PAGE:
As the current year ends there is much to be excited about in the world of diversity in government-subsidized development and construction. The new governor has positioned herself to be a champion of diversity, and the incoming mayor has made clear his intent to prioritize this cause. Best of all, it appears that the state and city will work together to promote diversity.
Equally exciting is that developers are certainly doing more to meet diversity goals. The days are ending when a developer simply passed on diversity goals to its project’s builder and washed its hands of this responsibility. Looking at the past five years alone, there is strong data showing that developers and builders have moved in the right direction, with some projects achieving over 200% of assigned goals. Back in 2020, I wrote about the disproportionate impact that the pandemic had on MWBE firms. 18 months later, many of these contractors and suppliers have regained their footing and are back in business.
There’s more. Government agencies that award subsidies are better at understanding the vital role they play in supporting projects with diversity requirements. Just last week our firm reached out to one, requesting help identifying firms for a specific trade. We received a list within an hour! And elected officials are doing more than just demanding diversity on projects in their districts, with many using their deep community reach to broadcast contracting opportunities.
Even lenders are taking up the cause; some are requesting diversity contracting plans upfront as a condition of financing.
With so many factors now in place, the time is right for government’s diversity contracting concept of “good faith efforts” (truly a dreaded industry term) to be redefined, realigned, and reimagined, moved away from the post-buyout checklist (hoping that a project did “enough”) and instead started robustly during the earliest stages of planning. It’s time for diversity to become an integral part of the development process. Instead of a patchwork of diversity tactics stitched together with varied participation by each project player, it needs to be tied together into a holistic coordinated strategy.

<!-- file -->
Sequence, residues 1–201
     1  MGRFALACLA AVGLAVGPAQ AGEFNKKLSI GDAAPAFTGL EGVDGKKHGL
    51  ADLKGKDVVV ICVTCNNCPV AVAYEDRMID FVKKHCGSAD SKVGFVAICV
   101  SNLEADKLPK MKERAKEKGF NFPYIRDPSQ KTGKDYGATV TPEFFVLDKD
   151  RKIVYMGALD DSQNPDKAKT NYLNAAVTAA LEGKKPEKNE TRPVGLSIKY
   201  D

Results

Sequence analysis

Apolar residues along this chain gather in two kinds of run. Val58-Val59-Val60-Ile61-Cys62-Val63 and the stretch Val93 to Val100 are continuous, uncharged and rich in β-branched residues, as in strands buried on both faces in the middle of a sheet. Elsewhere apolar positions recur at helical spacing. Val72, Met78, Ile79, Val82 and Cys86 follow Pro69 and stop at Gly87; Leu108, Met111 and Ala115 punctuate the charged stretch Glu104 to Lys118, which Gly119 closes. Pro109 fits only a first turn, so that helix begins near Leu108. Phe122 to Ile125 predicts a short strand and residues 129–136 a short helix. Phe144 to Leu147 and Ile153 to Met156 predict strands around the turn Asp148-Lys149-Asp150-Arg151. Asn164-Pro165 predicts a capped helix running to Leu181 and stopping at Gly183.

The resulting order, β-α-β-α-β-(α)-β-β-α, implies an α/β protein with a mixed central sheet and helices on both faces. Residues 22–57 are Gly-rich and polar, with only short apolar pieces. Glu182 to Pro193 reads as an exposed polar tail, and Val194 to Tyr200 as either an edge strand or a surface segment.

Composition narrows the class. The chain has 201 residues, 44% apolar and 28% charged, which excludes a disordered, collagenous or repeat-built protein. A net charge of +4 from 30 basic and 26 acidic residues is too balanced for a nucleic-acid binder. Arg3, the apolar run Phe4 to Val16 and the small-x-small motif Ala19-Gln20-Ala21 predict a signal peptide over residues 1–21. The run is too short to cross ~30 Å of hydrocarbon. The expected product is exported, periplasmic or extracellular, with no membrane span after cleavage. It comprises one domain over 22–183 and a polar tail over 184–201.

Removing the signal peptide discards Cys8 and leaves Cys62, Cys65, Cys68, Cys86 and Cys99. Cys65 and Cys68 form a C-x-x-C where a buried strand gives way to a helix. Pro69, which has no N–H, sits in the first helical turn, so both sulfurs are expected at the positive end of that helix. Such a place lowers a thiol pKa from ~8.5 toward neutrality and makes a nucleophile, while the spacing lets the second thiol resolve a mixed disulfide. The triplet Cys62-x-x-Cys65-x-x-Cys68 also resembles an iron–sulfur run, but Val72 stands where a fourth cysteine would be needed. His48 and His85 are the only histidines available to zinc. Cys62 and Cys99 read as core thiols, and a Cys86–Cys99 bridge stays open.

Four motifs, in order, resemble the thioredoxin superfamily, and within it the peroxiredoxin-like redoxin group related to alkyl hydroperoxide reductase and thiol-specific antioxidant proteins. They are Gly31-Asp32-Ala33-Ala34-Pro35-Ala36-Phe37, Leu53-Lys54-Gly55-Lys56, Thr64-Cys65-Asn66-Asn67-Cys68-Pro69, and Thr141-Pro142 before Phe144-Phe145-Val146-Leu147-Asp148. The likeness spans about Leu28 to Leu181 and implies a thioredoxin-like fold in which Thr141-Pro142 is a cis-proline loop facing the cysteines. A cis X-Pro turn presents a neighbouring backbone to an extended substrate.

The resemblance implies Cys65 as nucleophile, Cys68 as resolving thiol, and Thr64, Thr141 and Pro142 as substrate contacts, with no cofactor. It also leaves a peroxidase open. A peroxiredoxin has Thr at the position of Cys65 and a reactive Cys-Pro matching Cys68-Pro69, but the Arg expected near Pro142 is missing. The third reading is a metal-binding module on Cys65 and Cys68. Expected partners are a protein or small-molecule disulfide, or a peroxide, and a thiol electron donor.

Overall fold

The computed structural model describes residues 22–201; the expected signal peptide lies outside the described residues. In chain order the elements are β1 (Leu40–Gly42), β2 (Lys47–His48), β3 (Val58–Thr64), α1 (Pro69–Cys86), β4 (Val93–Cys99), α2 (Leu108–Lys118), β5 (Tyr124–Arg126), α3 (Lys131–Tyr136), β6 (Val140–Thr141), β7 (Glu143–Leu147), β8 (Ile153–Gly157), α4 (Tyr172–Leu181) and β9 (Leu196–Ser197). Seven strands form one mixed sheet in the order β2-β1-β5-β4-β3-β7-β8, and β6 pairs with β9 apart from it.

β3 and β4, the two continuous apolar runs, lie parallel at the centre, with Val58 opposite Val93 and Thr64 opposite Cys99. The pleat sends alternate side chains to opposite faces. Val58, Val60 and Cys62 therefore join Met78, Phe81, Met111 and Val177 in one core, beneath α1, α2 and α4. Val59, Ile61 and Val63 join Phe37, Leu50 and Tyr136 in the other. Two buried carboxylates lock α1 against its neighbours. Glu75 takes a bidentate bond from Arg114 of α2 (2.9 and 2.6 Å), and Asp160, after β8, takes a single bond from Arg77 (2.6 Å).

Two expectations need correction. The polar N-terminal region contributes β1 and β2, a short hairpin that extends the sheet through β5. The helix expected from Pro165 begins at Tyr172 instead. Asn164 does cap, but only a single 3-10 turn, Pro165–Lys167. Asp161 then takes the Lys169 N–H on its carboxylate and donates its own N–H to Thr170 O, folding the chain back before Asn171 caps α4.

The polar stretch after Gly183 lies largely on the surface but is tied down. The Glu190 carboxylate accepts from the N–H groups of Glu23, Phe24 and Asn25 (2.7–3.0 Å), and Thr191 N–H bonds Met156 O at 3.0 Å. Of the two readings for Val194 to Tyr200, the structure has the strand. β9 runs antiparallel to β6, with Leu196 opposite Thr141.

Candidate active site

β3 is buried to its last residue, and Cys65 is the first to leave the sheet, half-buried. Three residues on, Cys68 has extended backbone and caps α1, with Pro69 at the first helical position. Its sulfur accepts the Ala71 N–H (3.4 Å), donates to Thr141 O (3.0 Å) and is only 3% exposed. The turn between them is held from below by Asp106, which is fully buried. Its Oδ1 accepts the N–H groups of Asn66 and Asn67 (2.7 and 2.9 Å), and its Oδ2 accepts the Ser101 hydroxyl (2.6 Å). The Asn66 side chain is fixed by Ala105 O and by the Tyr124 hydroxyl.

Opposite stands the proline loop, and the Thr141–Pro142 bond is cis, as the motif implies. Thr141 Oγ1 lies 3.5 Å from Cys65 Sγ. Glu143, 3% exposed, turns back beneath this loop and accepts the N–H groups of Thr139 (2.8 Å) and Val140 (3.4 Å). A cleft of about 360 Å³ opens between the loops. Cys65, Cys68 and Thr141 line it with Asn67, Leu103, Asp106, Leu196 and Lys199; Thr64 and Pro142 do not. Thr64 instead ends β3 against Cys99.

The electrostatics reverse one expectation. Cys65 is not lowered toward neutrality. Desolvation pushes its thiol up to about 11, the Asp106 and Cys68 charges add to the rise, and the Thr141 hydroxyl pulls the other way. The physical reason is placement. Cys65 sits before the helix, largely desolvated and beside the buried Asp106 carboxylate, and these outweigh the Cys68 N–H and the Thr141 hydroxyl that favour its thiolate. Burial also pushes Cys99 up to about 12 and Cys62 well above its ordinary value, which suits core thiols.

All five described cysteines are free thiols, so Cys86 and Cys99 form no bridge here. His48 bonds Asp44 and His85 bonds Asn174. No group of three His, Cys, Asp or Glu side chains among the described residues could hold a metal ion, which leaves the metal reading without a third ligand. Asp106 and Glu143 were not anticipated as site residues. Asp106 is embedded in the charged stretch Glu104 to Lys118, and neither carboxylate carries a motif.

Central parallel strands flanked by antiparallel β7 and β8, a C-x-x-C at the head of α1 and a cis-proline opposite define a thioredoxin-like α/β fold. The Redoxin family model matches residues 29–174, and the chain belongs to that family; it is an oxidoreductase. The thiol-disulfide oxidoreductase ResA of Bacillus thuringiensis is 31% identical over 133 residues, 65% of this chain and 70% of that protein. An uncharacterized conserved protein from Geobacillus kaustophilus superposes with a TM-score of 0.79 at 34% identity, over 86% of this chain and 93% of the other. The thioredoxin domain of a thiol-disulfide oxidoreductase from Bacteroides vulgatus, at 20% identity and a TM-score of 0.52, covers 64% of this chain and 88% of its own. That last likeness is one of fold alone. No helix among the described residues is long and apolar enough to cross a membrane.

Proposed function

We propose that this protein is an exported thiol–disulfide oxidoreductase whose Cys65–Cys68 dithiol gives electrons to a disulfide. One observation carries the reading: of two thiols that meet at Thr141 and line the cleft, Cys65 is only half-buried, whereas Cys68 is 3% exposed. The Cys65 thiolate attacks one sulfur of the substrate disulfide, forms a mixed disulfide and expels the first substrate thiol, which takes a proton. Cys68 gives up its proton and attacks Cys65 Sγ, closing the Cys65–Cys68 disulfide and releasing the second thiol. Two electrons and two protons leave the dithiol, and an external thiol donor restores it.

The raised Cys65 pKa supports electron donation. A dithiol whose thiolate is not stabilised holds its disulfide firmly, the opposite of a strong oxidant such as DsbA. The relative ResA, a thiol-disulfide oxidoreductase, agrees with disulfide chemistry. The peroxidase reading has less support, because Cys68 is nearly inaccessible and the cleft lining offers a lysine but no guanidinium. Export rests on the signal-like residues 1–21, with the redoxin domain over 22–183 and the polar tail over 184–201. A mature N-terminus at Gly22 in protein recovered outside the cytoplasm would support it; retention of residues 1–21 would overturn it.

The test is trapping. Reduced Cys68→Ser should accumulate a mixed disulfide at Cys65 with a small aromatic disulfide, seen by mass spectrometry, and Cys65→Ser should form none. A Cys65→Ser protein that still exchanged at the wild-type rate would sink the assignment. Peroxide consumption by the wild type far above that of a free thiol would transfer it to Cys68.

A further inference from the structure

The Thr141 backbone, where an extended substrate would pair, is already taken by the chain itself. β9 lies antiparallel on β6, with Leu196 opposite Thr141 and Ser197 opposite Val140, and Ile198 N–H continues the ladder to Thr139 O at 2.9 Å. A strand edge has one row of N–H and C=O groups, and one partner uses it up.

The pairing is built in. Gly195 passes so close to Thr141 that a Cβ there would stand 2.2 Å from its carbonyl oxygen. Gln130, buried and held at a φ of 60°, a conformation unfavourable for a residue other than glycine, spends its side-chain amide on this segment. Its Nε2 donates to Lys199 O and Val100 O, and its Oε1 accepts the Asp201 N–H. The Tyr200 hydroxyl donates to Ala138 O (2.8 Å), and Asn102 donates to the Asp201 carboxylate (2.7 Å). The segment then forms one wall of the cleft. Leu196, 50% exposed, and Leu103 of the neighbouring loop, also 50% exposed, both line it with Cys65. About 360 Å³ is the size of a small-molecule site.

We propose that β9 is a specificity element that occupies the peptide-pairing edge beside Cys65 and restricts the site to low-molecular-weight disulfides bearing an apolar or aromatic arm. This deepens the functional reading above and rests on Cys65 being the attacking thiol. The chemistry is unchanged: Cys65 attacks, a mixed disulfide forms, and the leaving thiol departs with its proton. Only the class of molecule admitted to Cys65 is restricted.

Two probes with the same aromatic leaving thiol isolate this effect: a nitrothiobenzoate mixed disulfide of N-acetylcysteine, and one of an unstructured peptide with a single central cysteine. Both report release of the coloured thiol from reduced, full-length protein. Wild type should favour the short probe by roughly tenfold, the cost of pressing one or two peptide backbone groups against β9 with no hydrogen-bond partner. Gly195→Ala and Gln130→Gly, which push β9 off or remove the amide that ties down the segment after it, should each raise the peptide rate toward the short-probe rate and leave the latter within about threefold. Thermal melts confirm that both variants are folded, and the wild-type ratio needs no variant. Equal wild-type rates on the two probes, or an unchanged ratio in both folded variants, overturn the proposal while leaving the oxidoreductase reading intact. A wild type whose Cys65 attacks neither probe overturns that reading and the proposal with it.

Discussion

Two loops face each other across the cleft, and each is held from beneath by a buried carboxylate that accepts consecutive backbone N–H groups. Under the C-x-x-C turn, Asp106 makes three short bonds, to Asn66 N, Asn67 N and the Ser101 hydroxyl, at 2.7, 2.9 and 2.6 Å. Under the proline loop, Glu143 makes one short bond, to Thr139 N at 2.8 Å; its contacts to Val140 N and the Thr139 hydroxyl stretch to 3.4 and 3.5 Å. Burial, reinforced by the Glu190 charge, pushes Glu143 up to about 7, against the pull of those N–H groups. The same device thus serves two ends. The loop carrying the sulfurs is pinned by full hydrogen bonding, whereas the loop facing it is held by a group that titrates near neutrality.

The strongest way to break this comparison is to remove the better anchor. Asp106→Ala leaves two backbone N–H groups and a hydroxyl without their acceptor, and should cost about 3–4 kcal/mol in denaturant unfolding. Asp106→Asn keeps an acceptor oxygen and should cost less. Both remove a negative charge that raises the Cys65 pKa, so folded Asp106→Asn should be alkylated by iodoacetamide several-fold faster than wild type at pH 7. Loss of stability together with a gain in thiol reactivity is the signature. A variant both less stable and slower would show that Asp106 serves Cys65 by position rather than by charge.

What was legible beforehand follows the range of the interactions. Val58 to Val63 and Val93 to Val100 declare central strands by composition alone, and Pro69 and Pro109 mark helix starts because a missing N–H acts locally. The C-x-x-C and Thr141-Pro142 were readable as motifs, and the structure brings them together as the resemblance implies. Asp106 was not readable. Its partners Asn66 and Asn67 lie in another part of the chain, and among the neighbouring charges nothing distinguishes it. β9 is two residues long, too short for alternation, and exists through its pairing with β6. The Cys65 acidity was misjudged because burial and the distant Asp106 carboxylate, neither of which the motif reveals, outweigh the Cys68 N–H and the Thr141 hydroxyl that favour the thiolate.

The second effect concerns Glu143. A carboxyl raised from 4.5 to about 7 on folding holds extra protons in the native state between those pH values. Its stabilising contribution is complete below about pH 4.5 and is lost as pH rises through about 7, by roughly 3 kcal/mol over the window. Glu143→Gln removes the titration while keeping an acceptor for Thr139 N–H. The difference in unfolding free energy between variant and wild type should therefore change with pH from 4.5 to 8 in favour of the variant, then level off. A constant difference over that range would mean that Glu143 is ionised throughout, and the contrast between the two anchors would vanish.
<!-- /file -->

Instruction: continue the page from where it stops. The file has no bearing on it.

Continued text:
Simply put, this “new and improved” good faith efforts concept only works if everyone involved—developers, lenders, builders, government agencies, and elected officials—plays its role to the fullest, not with an attitude based on forced participation (“Ugh, we gotta do this!”), but instead one that wholly embraces diversity with panache and aplomb (“Yeah, we got this!”). The time is now to organize diversity achievement (“Go team!”).
Our firm is proud to have contributed to hundreds of millions of dollars awarded to MWBE firms working in new and existing housing and commercial developments. Our compliance work puts the emphasis rightly where it belongs—in early outreach, hired to start our work sometimes years before shovels are in the ground. We’ve learned much about what works and what doesn’t.
So, in the hopes of starting a discussion on organized and holistic diversity, we documented our experiences and put them in a free publication, Diversity Contracting: A Guide for Developers, Builders, and Contractors. Don’t let the title fool you! Stakeholders like elected officials, government agencies, community leaders, neighborhood residents, even lenders, can benefit greatly from it by learning the process of diversity contracting from many sides, and the critical importance of intent throughout it all. Click here to get the free guide from BTN Consulting’s website.
In one year’s time, I plan to write a follow-up to this opinion piece, hoping that my optimism in 2022 was well placed. I’m happy to say that I think it will be.
Manny Burgos is CEO of By the Numbers Consulting Services Corp., a leading provider of outreach, compliance, advisory, and data gathering services. BTN Consulting serves the tristate area with offices in New York and Puerto Rico.